A few years back 2005, to be exact -- Ryan Adams brought his then-new band, the Cardinals, to the Town Ballroom for a highly anticipated show. At the time, Adams was the "it" boy, a critically lauded uber-auteur whose ability to compose and record new material by the truckload gave new heft to the term "prolific."
Though he crept in on the red carpet rolled out for the ascendency of "alt-country" -- something he helped push to the forefront as a member of Whiskeytown, and even more so with his solo debut, "Heartbreaker" -- Adams was preparing to leave such genre definitions behind. His audience, however, didn't seem to be ready for him to do so, and a backlash against Adams -- who'd begun releasing a few albums a year, unlike anyone else in his peer group -- was on the upswing.
The Town Ballroom gig found Adams and his band throwing caution (and audience expectations) to the wind. Adams on record was mostly about brevity and concision; he was essentially viewed as a hipster version of the singer-songwriter model, and as such, was expected to come out and play his songs, pretty much as they appeared on the albums those assembled had purchased, copied, digitally downloaded or just plain stolen.
This didn't happen. Instead, Adams appeared with a big Gibson semi-hollow-body guitar, a pair of nerd specs perched on his nose, his hair a shock of Mad Scientist-like bed-head, and proceeded to lead the band through a three-hour set of songs mostly from the then-new "Cold Roses" double-album. That was bad enough for some. But then Adams and Co. proceeded to do something that the hipster base clearly felt was akin to switching parties mid-term: They jammed.
Oh, the humanity! Improvising, stretching out songs, indulging one's musicianship and inviting the audience to come along for the trip -- this is what jam bands did, not what the new breed of alt-country snob had in mind at all. About halfway through the Town Ballroom show, I began to feel as if I'd stumbled into a time warp, where a crowd of Sex Pistols and Clash fans had stumbled inadvertently into a Grateful Dead concert.
It was, in a word, awesome!
It should be acknowledged that Adams did seem to be out of it that night. His between-song banter was obtuse at best, downright nutty at worst. Whenever the music stopped and he was left to confront the assembled audience, he looked like he was unsure of where he was and why he was there. Adams appeared to be ill at ease. Some among the crowd suggested to me that this was simply a result of him being quite wasted.
I'm not so sure. Musically, the band was in amazing form, blending country, anthemic '80s alternative, pop, rock and folk, producing a hybrid that echoed Neil Young, the Byrds, Gram Parsons, U2 and -- horror of horrors! -- the Grateful Dead. It seemed to me that Adams was going through a public birthing process and, naturally, this type of thing can be uncomfortable. It was clear, though, that Adams knew what he was doing.
Skeptics had their worst suspicions confirmed when, a short time after the Town Ballroom show, Adams turned up at the Bay Area Music Awards to jam with a whole bunch of hippies and jam-band types, among them, the Dead's Phil Lesh. Last year's "Easy Tiger" even pictured Adams and Lesh sharing a laugh in its liner notes. This was, again, awesome.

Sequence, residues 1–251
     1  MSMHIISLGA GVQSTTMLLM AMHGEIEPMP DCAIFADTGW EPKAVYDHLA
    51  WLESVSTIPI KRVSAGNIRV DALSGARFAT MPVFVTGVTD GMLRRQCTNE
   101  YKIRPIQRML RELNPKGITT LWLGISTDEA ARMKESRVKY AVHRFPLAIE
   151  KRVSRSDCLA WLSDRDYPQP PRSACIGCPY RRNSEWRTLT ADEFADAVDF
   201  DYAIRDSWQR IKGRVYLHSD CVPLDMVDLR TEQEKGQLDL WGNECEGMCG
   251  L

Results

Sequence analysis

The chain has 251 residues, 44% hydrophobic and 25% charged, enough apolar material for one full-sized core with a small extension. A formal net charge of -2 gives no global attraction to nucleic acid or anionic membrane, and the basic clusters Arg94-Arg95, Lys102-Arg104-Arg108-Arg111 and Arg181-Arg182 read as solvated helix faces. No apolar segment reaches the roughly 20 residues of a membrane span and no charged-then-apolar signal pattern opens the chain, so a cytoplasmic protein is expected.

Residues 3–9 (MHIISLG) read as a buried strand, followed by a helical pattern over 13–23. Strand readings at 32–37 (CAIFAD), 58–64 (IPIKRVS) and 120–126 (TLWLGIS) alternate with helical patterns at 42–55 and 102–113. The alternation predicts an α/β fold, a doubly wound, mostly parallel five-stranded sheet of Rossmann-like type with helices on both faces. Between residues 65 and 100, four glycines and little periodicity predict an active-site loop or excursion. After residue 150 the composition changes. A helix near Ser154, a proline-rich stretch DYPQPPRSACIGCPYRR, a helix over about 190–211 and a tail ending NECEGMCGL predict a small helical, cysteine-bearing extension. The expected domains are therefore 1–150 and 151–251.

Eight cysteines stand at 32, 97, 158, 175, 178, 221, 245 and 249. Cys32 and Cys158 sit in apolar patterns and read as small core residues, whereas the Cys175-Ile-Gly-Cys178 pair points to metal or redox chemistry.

Having confounded expectations, gotten sober and managed to shed the strictures of his own skin, Adams now seems to be ready to make peace with his audience and his muse alike. On Wednesday, he began streaming his new album with the Cardinals, "Cardinology," on the "social music discovery service" iLike. Visitors to the site could listen to the whole album, for free, as many times as they desired, for 48 hours. If they chose to preorder the "Cardinology" album -- which gets its official release on Tuesday -- they were given a download of one of its songs, "Fix It," as well as a non-album bonus track. Adams is not the first artist to go this route by any means, but it's a model that suits his restless artistic nature like a pair of spandex biker shorts.
It's interesting to ponder what might've happened had this sort of technology been available to artists in the latter '60s. Maybe Bob Dylan would've given his "followers" the virtual middle finger by "going electric" via the Web. Would "Lucy in the Sky With Diamonds" or "Penny Lane" have been made available as bonus tracks for Beatles fans eager to get a preview of a new Beatles album? Maybe the Stones could've made "Satanic Majesties" a bonus companion album available only as a download, which might've made it a much more palatable exercise in self-indulgence (and drug consumption). Who knows? The good news is, the very technology that sunk the music business in recent years is now beginning to be employed as a tool of expression and communication by the artists themselves. That's cool.
None of this would matter much if "Cardinology" wasn't such a fantastic Ryan Adams album. It certainly numbers among his best. And hearing it, legally, a week before its official release reminds me of being a preteen who'd stay awake late on school nights to listen to the "album hour," when rock DJs would spin an entire new album before listeners could buy it.
It's all starting to make sense again.